NY STATE LAW: CATSKILLS CASINO PLAN REQUIRES CUMULATIVE IMPACT ASSESSMENT OF ALL FIVE GAMING COMPLEXES BEFORE PROCEEDING
NRDC Urges Sullivan Country Lawmakers to Postpone Key Vote Later This Week
NEW YORK (February 1, 2005) -- Controversial plans to install five casinos in the Catskills' Sullivan County must clear another important legal safeguard, according to NRDC (Natural Resources Defense Council). Before county lawmakers can let developers to proceed, state law requires thorough assessment of the cumulative environmental, social and economic effects of all five gaming halls, attorneys for the New York-based conservation group say.
The Sullivan County legislature is currently scheduled to vote Thursday on a resolution supporting the five-casino plan first announced by Gov. George Pataki in December. Lawmakers in Albany and Washington are watching the bellwether local measure closely.
"Concentrating five major casinos in such a small area will fundamentally alter the landscape of these communities. It means more traffic, more air and water pollution, and major changes in the historically rural character of this region," said NRDC attorney Mark Izeman. "That's precisely why the law requires officials to look at the effects of all five gaming facilities together."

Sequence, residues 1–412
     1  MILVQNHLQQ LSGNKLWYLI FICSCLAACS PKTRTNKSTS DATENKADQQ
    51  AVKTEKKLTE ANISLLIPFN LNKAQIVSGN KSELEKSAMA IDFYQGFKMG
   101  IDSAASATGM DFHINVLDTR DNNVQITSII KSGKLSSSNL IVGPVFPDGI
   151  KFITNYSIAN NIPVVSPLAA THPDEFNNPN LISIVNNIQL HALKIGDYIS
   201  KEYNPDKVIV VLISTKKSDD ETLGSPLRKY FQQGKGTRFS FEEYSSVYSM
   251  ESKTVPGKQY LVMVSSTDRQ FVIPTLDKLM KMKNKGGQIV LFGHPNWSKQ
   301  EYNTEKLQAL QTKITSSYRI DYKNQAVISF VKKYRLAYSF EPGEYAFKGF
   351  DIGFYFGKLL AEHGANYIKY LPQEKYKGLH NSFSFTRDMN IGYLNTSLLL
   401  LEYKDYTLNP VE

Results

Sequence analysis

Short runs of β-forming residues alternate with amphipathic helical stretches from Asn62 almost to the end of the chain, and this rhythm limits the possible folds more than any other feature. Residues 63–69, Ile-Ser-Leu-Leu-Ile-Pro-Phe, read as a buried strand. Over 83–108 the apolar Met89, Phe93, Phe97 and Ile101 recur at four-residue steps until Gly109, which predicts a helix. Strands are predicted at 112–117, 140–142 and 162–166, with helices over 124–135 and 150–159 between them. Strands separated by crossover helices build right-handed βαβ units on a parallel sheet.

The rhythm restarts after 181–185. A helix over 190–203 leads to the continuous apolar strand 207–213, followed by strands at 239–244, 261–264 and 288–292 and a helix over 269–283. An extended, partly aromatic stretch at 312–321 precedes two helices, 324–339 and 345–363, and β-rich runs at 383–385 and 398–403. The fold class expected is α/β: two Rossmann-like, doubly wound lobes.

NRDC notified Sullivan County lawmakers about the requirements set out in the 30-year-old State Environmental Quality Review Act in a letter delivered yesterday, pointing out that the law applies to all new facilities associated with the casinos including roads, parking and other development.
The group urged Sullivan County legislators to wait for findings of the assessment before voting one way or the other on the five-casino proposal.
"It would be irresponsible to rush in without knowing the full cost to these towns and their taxpayers, or the combined impact on the local environment. The law says 'Look before you leap.' We think that's a very good policy. It doesn't make sense to vote on this proposal until we have the whole picture."
The letter was prepared by Whiteman, Osterman & Hanna LLP, an Albany law firm representing NRDC. Contact Jon Coifman at NRDC, 212 727-4535 or firstname.lastname@example.org, for a copy.